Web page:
The Making Of Chef Eric
Talented 3D artist, Esteban Pacheco describes the workflow behind his 3D creation, Chef Eric, from the sketching stage through sculpting, mapping, linear workflow, rendering and post-production
Chef Eric is one of the 4 main characters of The Fine Diner, a final modeling project I did at school a few years ago. Since then, I've wanted to texture and render one of the characters and I decided to go with Chef Eric.
For me, the main purpose of this project was to create a render, so my workflow doesn't really apply to games or animation, and it certainly was more of an experiment for me than a process. Also, I took this project as a texturing and rendering challenge and to push myself to learn new software and techniques, so a lot of my time on this project was spent on research and going through tutorials online.
Here's a breakdown of the process:
2. Modeling: Maya, 3ds Max and ZBrush
3. UV Mapping: UVLayout and 3ds Max
4. Texturing: Mari and Photoshop
5. Rendering: V-Ray in 3ds Max
6. Post-production: Photoshop
As you can probably tell, I went all over the place with this character and so keeping track of all the steps was essential. I'll be going through each phase of my workflow and hopefully you can find something useful along the way…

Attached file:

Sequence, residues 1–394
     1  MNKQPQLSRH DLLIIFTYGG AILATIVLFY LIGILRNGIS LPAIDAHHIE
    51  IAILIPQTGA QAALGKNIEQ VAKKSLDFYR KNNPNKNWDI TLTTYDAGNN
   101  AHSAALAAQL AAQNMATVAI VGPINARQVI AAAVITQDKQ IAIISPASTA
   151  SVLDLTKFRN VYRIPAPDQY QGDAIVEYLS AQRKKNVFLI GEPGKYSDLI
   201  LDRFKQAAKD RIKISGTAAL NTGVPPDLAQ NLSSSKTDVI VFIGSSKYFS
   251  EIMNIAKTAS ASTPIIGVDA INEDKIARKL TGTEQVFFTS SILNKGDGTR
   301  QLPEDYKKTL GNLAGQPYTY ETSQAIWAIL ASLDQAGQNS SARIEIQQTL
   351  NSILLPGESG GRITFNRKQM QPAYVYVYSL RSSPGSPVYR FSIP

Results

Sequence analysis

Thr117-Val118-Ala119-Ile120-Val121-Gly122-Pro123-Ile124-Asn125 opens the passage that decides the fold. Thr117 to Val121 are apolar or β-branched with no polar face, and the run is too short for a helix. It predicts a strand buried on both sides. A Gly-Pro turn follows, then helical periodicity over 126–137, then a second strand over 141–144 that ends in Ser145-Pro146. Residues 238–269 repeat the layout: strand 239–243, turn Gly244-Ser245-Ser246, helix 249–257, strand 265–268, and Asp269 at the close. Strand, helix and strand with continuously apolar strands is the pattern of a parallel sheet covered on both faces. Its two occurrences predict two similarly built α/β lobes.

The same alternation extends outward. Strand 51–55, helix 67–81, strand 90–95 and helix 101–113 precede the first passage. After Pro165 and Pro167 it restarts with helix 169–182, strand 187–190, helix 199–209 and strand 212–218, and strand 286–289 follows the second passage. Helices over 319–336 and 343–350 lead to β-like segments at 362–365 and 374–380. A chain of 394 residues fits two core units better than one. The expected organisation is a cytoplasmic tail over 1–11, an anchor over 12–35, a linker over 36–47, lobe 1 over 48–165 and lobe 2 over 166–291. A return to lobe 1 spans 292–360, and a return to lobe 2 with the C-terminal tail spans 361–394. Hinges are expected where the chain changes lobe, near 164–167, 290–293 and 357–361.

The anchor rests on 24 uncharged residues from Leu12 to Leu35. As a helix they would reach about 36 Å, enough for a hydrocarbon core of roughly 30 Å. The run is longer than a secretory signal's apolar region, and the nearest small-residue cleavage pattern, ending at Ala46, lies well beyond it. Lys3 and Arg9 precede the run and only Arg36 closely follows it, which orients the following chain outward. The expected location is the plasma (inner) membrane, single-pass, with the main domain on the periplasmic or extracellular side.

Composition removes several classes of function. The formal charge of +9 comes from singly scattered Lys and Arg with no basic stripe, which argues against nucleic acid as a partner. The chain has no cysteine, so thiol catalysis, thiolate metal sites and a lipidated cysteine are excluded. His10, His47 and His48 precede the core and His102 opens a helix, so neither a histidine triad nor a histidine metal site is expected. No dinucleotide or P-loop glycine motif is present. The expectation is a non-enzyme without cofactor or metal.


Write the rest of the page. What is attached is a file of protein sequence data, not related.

Before opening your 3D application, it's always important to spend some time collecting reference online, and roughing out your concept with simple sketches. If you feel like doing so and have the time for it, you can go ahead and create a quick color concept that allows you to understand your character better and will help you decide the color scheme for the texturing phase early on.
Of course, you will make changes to the design once you're modeling your character, and that's perfectly okay! For example, you might find that you want to add (or remove) stuff, change the shape or move things here and there; but sketching your concept serves as a very helpful first step in any project.
In the 3D software, I modeled a base mesh in Maya which I then brought into ZBrush and started sculpting away. This is the part when things started getting fun since this is where you work on the overall look of your character.
Sculpting in ZBrush